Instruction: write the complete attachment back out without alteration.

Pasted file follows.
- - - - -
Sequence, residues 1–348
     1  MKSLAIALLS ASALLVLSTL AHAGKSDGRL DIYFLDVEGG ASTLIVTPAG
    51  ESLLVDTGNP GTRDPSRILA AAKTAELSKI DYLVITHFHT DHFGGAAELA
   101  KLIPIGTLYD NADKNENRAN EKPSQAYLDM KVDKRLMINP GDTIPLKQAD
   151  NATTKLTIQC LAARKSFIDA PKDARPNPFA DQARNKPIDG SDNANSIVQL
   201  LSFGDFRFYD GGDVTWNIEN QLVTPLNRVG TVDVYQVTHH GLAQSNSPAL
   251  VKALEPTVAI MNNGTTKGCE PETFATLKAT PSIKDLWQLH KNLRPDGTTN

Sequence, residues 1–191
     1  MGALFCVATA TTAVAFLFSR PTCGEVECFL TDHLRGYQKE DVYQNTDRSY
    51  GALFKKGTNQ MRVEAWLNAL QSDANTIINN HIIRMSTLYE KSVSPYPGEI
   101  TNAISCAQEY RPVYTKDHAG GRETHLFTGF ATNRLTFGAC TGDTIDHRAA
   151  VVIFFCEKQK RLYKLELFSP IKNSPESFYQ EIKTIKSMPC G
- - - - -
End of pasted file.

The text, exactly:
Sequence, residues 1–348
     1  MKSLAIALLS ASALLVLSTL AHAGKSDGRL DIYFLDVEGG ASTLIVTPAG
    51  ESLLVDTGNP GTRDPSRILA AAKTAELSKI DYLVITHFHT DHFGGAAELA
   101  KLIPIGTLYD NADKNENRAN EKPSQAYLDM KVDKRLMINP GDTIPLKQAD
   151  NATTKLTIQC LAARKSFIDA PKDARPNPFA DQARNKPIDG SDNANSIVQL
   201  LSFGDFRFYD GGDVTWNIEN QLVTPLNRVG TVDVYQVTHH GLAQSNSPAL
   251  VKALEPTVAI MNNGTTKGCE PETFATLKAT PSIKDLWQLH KNLRPDGTTN

Sequence, residues 1–191
     1  MGALFCVATA TTAVAFLFSR PTCGEVECFL TDHLRGYQKE DVYQNTDRSY
    51  GALFKKGTNQ MRVEAWLNAL QSDANTIINN HIIRMSTLYE KSVSPYPGEI
   101  TNAISCAQEY RPVYTKDHAG GRETHLFTGF ATNRLTFGAC TGDTIDHRAA
   151  VVIFFCEKQK RLYKLELFSP IKNSPESFYQ EIKTIKSMPC G